May we be mindful of our interactions with one another today, seeking reconciliation and forgiveness when we should, seeking to live in right relationship with God and with one another. May it be so.

Prayer: Lord God, make me mindful of all I do, say, and think today. Send the Holy Spirit to bring sure conviction when I sin and to guide me in the ways of peace and reconciliation and grace. Elevate my relationships with each I meet today, leading to deeper fellowship with them and with you. Amen.


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May Love Guide

Reading: Matthew 5: 17-20

Verse 17: “Do not think that I have come to abolish the Law or the Prophets… but to fulfill them”.

What does Jesus mean by “to fulfill them”? The Law and the Prophets all had the same basic function: to teach us how to live in right relationship with God and with one another. Beginning with the first laws, for example, this has always been the case. The first part of the Ten Commandments deal with our relationship with God and the rest deals with our relationship with each other. In choosing the word “fulfill” though, Jesus is not implying simply following the letter of the Law, but is hinting at how we also fully live out the intent of the Laws.

As the rest of the Sermon on the Mount unfolds, this is just what Jesus does. He begins with “Do not murder” in the next section. Jesus explains that there is so much more to this law than just not killing someone. Jesus, in essence, begins long before this step and tells us that being angry with another or speaking words of contempt put us in danger of “the fire of hell”. When we allow these evils in our heart, Jesus says we are already on the road to murder. It may not end in physical death but maybe it does end in emotional or relational death. All of this violates the rule of love that is supposed to be how one is identified as a disciple of Jesus Christ and as a child of God.

In the rest of the Sermon, Jesus unpacks laws relating to adultery, divorce, honesty, revenge, loving our enemies, giving, prayer, fasting… Each and every one has the same focus. God’s intent is not just the words on the paper but it is more. The Law and the Prophets should lead us into deeper relationship with God and one another. To get to this place, one must allow the words we find in the Bible to become the way we love, see, interact, and treat God and each other at the heart level. Please take some time today to read through to the end of Matthew 7, understanding how Jesus unpacks many more laws.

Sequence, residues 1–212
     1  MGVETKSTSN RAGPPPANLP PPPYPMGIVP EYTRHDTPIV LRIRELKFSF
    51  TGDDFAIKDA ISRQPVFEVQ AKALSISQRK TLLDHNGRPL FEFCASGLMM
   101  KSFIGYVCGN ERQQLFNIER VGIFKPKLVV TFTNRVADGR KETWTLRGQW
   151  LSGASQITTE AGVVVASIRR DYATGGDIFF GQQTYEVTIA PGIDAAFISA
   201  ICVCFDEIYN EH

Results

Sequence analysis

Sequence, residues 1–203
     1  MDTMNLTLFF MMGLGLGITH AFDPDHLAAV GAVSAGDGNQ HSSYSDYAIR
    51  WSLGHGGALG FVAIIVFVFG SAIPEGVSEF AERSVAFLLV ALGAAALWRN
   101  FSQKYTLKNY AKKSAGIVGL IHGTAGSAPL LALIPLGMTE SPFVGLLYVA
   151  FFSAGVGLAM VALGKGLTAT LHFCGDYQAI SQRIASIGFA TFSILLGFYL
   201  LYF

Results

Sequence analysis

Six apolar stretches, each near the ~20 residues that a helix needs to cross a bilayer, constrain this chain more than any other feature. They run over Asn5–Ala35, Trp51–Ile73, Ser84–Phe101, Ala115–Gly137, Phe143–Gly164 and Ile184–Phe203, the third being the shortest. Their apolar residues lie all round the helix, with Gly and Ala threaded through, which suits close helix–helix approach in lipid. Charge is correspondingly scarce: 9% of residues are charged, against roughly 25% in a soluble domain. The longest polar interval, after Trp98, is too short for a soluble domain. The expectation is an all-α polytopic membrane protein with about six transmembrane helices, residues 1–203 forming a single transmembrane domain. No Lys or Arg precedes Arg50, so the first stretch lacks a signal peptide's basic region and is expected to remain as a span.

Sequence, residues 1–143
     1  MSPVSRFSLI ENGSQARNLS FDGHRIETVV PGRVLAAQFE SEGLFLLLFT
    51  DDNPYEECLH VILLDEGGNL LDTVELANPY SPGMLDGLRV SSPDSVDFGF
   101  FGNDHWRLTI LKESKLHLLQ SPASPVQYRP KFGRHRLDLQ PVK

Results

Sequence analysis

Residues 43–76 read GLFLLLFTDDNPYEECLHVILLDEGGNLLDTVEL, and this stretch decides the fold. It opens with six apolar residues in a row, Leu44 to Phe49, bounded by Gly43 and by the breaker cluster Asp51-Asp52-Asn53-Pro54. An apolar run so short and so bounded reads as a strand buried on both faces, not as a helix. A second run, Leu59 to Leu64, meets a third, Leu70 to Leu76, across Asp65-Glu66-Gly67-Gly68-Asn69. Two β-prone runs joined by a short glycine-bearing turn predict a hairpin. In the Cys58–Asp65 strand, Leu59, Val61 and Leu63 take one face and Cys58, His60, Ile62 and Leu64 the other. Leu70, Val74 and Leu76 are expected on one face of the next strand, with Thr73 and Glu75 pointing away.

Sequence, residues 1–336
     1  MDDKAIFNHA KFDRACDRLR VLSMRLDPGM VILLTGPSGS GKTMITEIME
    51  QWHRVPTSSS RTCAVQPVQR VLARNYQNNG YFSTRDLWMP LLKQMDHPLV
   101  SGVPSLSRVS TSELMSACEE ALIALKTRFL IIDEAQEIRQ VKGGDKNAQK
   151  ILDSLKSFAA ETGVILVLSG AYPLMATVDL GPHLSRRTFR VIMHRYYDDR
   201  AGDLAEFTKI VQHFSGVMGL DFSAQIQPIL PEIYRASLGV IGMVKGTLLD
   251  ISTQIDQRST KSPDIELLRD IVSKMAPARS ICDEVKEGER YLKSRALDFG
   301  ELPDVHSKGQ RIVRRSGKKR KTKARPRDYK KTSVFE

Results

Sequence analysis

We fulfill God’s plan by loving unconditionally, by loving just as Jesus first loved us. As we read and seek to understand our Bibles, seeking to discern how to model our lives after our Savior, may love be our guide.

Prayer: God of love, I’ve heard it said that if I do not have love, I am just a clanging cymbal. I’ve heard it said that love can conquer a multitude of sins. I’ve heard it said that if I am your disciple others will know me by my love. May it be so. Amen.


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Layers, Ripples, and Depth

Reading: Exodus 20: 12-17

Verses 12-17: “Honor your mother and father… you shall not… murder… commit adultery… steal… give false testimony… covet…”

Today we look at the last section of the Ten Commandments. These six deal with our relationship with each other. They are not written in isolation but within the context of all ten. The covenant relationship that God establishes with us in the first four commandments influence our relationships with each other. Just as the first four revolve with loving God fully, so too do the last six center on loving each other completely.

On the surface level the last six are pretty straight forward and easy to understand. Yet each also has layers to it. For example, the command to “honor your mother and father” is generally about our relationship with our parents and the lifelong benefits of doing so. But this commandment can also extend to all who help parent us – grandparents, teachers, pastors, Sunday school teachers, and even some of our bosses.